But sometimes quality is just about mending the gap when you see one. Sometimes being methodical helps, but being passionate – not just mending a gap, but your gap – is probably all the requisite there is. “Doing the QI,” then, may sometimes become an unintended obstacle.
Last July when I started my job, I was told that success will involve completing a set of 30-35 online physics modules over one year. Each module takes only 1 hour, and I have a whole year to do it. 35 hours over one year, or six minutes a day. Continue reading
If you are at least 25 years old, you would remember the days when everyone is trying to expedite the speed of information transfer. Messages began with the courier services, first by horse, then by car. Then they went digital. The internet began with dial-up, when 56kbps was deemed state of the art, then broadband. Then we decided that having to sit in front of a computer to transmit data is too slow.
Back then, when you get a wrong piece of information, it was usually because of timeliness. Timely data was the business of newspapers, radios, and later television.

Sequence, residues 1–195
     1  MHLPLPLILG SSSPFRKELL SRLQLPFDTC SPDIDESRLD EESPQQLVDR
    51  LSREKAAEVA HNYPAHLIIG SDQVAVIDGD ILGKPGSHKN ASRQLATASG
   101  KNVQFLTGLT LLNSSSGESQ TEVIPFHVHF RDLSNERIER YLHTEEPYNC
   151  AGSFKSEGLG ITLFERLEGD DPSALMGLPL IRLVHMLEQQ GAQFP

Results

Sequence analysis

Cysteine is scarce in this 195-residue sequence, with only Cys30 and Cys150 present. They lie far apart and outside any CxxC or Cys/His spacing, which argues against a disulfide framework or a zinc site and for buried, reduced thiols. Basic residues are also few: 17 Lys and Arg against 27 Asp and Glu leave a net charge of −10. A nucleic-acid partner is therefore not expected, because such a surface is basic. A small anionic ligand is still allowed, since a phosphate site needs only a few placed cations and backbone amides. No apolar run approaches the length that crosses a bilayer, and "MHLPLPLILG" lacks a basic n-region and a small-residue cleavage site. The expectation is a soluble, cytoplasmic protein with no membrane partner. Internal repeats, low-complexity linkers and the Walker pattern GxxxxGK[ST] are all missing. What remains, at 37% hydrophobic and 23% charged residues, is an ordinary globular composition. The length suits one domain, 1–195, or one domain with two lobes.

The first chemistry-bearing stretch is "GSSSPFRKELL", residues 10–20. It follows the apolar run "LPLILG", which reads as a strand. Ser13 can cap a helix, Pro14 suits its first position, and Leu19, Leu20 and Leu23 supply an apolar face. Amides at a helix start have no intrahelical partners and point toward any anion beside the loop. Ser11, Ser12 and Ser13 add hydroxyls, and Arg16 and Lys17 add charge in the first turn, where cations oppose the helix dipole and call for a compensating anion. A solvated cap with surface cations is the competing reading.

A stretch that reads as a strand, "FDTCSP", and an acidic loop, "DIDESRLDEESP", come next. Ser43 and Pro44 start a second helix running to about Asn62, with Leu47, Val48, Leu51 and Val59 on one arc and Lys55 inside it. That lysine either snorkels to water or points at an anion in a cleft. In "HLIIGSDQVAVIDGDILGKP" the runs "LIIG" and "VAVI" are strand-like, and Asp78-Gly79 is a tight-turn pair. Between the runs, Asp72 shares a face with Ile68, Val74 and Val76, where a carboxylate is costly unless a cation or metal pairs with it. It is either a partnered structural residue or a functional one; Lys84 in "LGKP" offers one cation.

At some point, the speed of data transmission became near-instantaneous.
We had thought that faster information means better, but it may come at a cost. Rapid information is raw, and sometimes inaccurate. This is a common occurrence, but like car crashes relative to plane crashes, what made Twitter newsworthy is the few times when it nailed the right information seconds after an event, not the hundreds of thousands of times when it misfires.
Like breathing air, bad information has become so commonplace in Twitter and blogs that inaccuracy is invisible to us – we easily process the concept and underlying logic behind why rapid information is sometimes inaccurate, we just don’t think about it often.
And yes, I am aware of the hypocritical nature of using a blog post to divulge this argument. As it turns out, the burden of verification is on you; I’m just exercising my first amendment rights. 🙂
We’d like to think of ourselves as the sum of our prior experiences, learning and growing over time. As it turns out, we do not accurately remember our experiences. What we identify as our own “experiences” are not experiences at all but memories. What end up as memories tend to be the outliers of those experiences.